UK Slipping Towards Recession

by : Andrew Regan

The UK risks slipping into recession in the next two years, according to authors of the Deloitte Economic Review; and even if that gloomy forecast doesn't transpire, the best we can hope for is the weakest economic growth in the last 15 years.

The bad news for anyone with a sizeable mortgage is that the housing market is predicted to be hit hard. Due to the impact of the global credit squeeze the report authors claim that borrowing will become ever more difficult and that house prices are expected to fall by a whopping five per cent during 2008. And if that isn't bad enough news for homeowners, Roger Bootle - Deloitte's economic advisor - is predicting a further fall of 8% in house prices in 2009.

As a result many financial experts are clamouring for the Bank of England to cut interest rates immediately in an effort to stave off the predicted slump. Even Monetary Policy Committee (MCP) member David Blanchflower, who cast the only vote for an interest rate cut in January, has been quoted as saying that the overall health of the housing market is 'worrying'.

Apart from the adverse effect on the housing market, jobs are also expected to be a casualty of the impending slowdown come recession. Credit reference agency Experian is predicting a 20,000 reduction in London's financial services jobs over the next 18 months, representing a cull of one in 20 of the existing workforce.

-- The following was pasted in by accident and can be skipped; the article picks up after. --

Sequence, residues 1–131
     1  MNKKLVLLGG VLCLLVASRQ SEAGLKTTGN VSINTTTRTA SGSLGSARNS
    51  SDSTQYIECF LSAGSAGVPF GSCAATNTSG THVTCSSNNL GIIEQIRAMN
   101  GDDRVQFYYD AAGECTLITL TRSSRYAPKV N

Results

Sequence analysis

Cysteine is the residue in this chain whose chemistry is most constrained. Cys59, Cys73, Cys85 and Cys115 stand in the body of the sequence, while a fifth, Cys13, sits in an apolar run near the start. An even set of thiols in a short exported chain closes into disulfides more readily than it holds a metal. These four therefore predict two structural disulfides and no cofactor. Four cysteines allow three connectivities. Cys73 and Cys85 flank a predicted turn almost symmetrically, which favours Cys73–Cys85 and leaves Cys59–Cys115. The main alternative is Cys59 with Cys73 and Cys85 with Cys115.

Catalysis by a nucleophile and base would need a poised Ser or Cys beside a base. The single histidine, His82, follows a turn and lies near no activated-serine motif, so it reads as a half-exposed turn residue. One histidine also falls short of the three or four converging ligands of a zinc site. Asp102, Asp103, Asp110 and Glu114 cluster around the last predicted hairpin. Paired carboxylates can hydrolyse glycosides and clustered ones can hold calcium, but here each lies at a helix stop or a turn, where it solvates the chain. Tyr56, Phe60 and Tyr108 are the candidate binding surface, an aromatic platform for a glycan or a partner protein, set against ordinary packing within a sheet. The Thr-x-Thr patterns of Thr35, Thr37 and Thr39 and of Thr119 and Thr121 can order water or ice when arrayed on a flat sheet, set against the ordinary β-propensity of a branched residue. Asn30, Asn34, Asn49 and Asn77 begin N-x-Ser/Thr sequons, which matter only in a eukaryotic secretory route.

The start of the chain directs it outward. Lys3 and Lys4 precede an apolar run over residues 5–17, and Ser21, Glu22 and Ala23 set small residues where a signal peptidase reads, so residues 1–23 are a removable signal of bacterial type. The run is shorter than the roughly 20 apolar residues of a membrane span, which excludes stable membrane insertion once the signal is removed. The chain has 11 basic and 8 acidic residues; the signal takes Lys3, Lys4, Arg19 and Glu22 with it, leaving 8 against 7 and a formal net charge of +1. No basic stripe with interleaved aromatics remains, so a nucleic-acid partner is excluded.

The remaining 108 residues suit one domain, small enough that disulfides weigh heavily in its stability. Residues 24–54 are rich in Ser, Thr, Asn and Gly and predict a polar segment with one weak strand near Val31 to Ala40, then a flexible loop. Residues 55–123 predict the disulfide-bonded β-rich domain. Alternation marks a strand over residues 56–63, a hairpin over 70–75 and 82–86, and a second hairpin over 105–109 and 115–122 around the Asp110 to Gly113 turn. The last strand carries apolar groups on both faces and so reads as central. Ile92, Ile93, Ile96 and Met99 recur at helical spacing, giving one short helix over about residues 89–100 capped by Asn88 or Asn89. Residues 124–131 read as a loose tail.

And the days of cheap, easy credit have come to an end and with it the days of applicants being able to compare mortgages and choose the one that suits best. In the future lending criteria will be incredibly tough and UK mortgages will be hard to get for anyone who hasn't got both a sizable deposit and a good credit rating.

However, the silver lining for borrowers is that the UK base rate is predicted to drop to 4% in 2009 as the Bank of England attempts to stage a recovery in the market. That anticipated action would re-start the housing market, particularly attracting those who invest in the buy-to-let market.

Currently, buy-to-let mortgages are much harder to get than a year ago, as financial institutions seek to restrict risky lending; but established investors with high levels of equity, who are considered a good risk, may well return to the market if interest rates return to 4% and they feel prices would recover. That in turn would reverse the dropping prices, and hopefully lead to a wider economic recovery.